Feature Reports

The Long Road to a European Energy Union

L’Europe de l’énergie : la longue marche
The Berlaymont building, which houses the headquarters of the European Commission in Brussels. © AFP PHOTO / BELGA / SISKA GREMMELPREZ

From the moment the European Coal and Steel Community (ECSC) was announced in 1950 to the unveiling of the "Energy Union" project in early 2015, the European Union has been striving to streamline, if not unify, the disparate energy policies of its Member States. Against the backdrop of the energy transition and climate change, the European Commission's proposals give priority to securing energy supply. This brings to the fore the issue of natural gas, for which the European Union is highly dependent on imports. For electricity, on the other hand, the number of interconnectors between national grids is rising all the time.

L’Europe de l’énergie : une histoire à éclipses

The history of European construction began in the early 1950s with a decision by several countries to pool their production of coalCoal is ranked by its degree of transformation or maturity, increasing in carbon content from... , the most important source of energy at the time. History did not follow a linear progression however, and 75 years later, the European Union is still trying to coordinate its energy policies, while grappling with the new threat of global warmingGlobal warming, also called planetary warming or climate change... .

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Les 5 piliers de l’Union européenne de l’énergie

In early 2015, Jean-Claude Juncker, President of the European Commission, laid out his roadmap for an "Energy Union", just shortly after his November 2014 election. In doing so, he implicitly acknowledged Europe's past failures in the area. The main objectives of the roadmap are to limit the E.U.'s dependence on Russian natural gas, bring down energy prices and reduce greenhouse gas (ghg) Gas with physical properties that cause the Earth's atmosphere to warm up. There are a number of naturally occurring greenhouse gases...  (GHG) emissions.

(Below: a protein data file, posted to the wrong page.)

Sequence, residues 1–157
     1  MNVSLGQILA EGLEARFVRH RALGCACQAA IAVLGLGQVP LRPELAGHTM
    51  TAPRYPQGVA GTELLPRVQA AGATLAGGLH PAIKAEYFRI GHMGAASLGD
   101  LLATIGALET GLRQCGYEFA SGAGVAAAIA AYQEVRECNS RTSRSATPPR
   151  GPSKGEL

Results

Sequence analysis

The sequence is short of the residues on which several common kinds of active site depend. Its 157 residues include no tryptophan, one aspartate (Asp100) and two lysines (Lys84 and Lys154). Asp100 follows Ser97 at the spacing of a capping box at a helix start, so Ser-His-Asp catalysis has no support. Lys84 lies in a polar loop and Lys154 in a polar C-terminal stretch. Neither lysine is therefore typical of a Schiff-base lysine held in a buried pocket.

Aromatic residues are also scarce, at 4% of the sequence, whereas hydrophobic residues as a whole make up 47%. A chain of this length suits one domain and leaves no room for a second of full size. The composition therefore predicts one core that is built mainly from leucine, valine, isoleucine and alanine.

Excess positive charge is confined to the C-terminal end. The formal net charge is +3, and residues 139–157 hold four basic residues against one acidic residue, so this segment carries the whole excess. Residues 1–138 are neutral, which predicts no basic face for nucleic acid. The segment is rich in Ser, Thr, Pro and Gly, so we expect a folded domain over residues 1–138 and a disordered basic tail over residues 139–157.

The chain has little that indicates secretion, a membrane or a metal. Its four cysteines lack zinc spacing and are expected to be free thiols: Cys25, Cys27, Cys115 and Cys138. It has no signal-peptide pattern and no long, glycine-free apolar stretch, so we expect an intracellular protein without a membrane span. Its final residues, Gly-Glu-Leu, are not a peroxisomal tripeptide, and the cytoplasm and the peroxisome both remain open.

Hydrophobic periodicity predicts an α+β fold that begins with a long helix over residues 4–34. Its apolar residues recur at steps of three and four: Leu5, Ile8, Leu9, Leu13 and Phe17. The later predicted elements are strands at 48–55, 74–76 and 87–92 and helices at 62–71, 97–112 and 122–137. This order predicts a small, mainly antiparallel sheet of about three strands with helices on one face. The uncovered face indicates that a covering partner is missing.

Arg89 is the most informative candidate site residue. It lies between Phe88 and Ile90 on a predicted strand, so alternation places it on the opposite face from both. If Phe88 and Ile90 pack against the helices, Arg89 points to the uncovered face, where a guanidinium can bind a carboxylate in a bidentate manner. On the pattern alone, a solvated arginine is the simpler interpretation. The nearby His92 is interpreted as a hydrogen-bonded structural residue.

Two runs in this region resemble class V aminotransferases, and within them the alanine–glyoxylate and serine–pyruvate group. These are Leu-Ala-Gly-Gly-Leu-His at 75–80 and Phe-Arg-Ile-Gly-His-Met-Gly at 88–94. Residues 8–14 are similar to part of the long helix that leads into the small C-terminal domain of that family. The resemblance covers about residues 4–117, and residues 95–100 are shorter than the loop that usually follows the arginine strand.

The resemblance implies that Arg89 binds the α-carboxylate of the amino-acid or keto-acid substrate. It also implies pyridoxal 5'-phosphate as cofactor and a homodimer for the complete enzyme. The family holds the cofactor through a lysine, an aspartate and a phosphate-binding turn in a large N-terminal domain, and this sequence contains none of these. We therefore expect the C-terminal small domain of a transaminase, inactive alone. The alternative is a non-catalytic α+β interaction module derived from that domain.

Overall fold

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3 - Gaz naturel : la sécurité d’approvisionnement, objectif n°1

The European Commission's proposals for a "European Energy Union" give priority to securing energy supply. This brings to the fore the issue of natural gas, for which the European Union is highly dependent on imports.

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4 – Interconnexions électriques : les objectifs de la Commission européenne

While waiting for the emergence of a European "super grid" spanning all countries in the European Union and beyond, the European Commission has begun to set targets to encourage interconnections between national grids with the goal of strengthening cooperation among states, creating a single electricityForm of energy resulting from the movement of charged particles (electrons) through a conductor... market and incorporating the booming renewable energies sector. 

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